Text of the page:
Whereas construction is not typically engaged until further in the fabrication process, brownfield development should include design considerations recommended by the construction team and lift contractor. Items addressed include the timing of internals installation, adding lift lugs or relocating platform clip locations to facilitate installation where space is limited.

The output from this process should include a defined and inter-discipline reviewed datasheet and general arrangement drawing (as-built or new) that will be issued to the vessel fabricator. This allows all disciplines to review potential interferences between nozzles, clips, guides, supports, girth flanges, etc.

Actual design conditions and scope development.

The original project scope basis was for a replacement in kind vessel. However, during project development, many changes were made. To identify the changes required for this vessel, each discipline input was identified separately.

Mechanical related changes. Given the presence of H2S and SOHIC, the base materials were upgraded to SA-516-70N – HIC resistant carbon steel and included for PWHT in accordance with the recommendations of NACE MR0175. The radiographic testing (RT) was increased to full 100% RT while maintaining the 200 HB harness limit.

To prevent solution entrapment between the original internal shell, it was decided to use 304L weld overlay on top of 309L. Minimum weld overlay thickness was specified to ensure adequate thickness for long-term protection. Additional NDE was specified for the overlay, such as LPI, UT (for disbondment) and ferrite testing.

This vessel is tall relative to the base diameter, and, without supplementary support, it requires additional material on the base ring, anchor bolts and girth flanges to resist buckling due to the wind and seismic overturning moment. The original vessel design included guides, as shown in Fig. 2, at three upper elevations whereby the adjacent column provided support. The inclusion of the guides permitted the redistribution of wind load (overturning moment on the vessel base) and the acceptance of the existing anchor bolts and vessel thickness.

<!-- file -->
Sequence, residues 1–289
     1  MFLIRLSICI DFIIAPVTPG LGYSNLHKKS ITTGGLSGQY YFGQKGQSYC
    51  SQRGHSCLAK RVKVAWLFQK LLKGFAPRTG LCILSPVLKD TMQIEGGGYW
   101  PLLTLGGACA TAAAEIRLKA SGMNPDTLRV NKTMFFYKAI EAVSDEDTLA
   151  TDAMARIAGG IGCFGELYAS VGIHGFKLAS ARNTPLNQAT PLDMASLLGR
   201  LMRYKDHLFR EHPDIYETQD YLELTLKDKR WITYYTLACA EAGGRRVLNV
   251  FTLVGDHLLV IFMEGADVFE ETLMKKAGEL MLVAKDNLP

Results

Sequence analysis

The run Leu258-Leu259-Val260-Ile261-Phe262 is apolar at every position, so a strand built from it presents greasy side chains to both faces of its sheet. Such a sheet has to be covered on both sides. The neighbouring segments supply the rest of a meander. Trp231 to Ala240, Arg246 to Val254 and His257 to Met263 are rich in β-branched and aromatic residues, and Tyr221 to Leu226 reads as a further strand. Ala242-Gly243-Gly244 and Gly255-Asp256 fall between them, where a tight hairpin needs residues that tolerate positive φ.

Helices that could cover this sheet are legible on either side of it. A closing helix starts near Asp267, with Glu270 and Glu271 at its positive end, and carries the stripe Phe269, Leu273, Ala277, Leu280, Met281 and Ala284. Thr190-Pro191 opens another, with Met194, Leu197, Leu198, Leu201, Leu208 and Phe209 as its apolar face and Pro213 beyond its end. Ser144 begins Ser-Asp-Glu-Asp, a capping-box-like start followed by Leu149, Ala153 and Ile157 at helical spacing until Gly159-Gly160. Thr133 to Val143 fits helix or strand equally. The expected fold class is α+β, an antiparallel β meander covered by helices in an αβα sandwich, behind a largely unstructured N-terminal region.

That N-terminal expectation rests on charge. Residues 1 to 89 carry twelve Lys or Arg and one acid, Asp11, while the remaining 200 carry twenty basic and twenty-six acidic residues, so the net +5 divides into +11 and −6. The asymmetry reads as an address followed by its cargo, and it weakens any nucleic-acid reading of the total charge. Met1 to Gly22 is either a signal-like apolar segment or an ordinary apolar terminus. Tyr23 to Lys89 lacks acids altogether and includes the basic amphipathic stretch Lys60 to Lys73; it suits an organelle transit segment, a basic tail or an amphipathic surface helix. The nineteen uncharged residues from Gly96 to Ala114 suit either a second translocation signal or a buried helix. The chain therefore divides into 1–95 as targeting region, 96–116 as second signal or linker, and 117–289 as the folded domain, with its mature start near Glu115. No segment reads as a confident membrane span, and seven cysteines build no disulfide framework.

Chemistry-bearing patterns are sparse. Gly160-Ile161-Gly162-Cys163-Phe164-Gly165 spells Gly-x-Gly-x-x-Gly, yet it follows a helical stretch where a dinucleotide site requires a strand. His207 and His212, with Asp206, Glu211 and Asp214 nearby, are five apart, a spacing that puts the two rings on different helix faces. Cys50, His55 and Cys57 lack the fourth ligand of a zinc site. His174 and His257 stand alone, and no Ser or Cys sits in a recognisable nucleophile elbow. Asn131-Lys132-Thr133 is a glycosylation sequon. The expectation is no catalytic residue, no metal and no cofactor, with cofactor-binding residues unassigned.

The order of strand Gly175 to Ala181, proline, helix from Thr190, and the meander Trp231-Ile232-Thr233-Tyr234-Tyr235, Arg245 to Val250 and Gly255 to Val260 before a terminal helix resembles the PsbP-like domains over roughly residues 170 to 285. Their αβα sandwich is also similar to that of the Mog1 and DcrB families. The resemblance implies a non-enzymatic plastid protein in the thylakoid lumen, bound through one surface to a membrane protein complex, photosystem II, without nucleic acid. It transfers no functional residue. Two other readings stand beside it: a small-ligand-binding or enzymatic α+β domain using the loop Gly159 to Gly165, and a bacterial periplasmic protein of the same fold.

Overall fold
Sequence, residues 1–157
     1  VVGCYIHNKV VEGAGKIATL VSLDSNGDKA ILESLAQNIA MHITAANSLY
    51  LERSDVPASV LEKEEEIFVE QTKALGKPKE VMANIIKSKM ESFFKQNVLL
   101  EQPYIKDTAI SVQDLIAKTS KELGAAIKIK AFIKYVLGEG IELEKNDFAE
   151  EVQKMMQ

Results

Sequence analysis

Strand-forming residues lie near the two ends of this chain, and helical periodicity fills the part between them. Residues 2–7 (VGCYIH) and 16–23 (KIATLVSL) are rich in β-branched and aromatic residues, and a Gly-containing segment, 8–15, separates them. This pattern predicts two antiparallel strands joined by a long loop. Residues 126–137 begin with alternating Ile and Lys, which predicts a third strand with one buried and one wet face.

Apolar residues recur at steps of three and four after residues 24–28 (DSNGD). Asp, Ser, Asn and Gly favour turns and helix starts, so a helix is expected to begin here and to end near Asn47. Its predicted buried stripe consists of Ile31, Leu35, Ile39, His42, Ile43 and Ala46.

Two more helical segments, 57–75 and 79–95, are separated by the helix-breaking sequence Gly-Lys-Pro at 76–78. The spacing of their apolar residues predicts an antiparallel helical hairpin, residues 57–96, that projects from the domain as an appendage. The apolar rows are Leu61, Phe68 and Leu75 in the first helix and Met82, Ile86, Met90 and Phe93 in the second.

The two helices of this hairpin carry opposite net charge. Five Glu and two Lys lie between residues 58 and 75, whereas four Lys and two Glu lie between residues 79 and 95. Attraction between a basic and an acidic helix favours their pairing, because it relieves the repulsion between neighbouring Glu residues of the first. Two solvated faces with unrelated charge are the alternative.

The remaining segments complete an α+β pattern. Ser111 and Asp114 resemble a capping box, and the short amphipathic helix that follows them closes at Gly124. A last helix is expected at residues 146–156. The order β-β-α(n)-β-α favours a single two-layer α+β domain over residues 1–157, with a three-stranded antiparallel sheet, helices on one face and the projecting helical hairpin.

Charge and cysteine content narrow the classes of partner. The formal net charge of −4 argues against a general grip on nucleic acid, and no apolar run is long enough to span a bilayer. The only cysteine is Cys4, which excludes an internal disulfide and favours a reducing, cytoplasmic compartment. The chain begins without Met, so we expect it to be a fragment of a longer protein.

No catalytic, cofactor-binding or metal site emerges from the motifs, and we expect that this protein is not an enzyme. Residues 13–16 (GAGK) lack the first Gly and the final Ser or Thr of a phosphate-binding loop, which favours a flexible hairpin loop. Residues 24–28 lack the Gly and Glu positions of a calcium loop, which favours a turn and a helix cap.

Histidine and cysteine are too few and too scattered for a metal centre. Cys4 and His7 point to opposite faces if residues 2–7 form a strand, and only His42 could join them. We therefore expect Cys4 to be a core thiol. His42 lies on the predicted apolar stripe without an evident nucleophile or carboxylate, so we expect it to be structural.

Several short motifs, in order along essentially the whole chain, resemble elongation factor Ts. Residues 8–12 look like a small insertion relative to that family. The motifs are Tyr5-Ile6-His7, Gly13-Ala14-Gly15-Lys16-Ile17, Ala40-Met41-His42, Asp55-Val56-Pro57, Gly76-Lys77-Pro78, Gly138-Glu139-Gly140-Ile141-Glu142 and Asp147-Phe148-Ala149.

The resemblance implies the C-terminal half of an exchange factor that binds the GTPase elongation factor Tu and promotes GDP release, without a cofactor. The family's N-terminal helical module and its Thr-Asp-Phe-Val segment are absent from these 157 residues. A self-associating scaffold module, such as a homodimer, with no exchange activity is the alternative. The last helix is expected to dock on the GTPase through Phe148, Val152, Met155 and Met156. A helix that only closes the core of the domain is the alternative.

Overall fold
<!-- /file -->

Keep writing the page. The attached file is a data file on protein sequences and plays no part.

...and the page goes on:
Fig. 2. Guide locations from the adjacent
  atmospheric column.

Per requirements by the client and construction team, hand holes were installed to facilitate inspection, removal and installation of the random packing. Lift trunions were also installed on the base of the packed section to facilitate installation. Several new pipe guides and supports were also installed on the vessel to remove loads from platforms.

Following a review of the loads placed on the ladders and platforms, in addition to occupational health and safety changes since original construction, the ladders and platforms were redesigned.

Electrical related changes. As the refinery specifications have changed over the years, the requirement was made to include for cable tray clips on the vessel to facilitate electrical cable installation and pre-dressing prior to lift.

Vessel fabrication.

For this particular project, the vessel fabricator was provided with the original as-built vessel drawing and revised datasheets. The fabricator was required to produce new drawings incorporating all of the changes. For the vessel designer, this requires attention to detail to ensure that while overall dimensions are consistent with the original design, all changes have been incorporated into the new design.

To help facilitate quality concerns between the fabricator and client, a third-party inspector was enlisted throughout the fabrication process. The scope of the third-party inspector was to ensure the agreed to inspection and test plan was being adhered to, as well as to be a client representative for any hold points during the fabrication or final assembly and test process.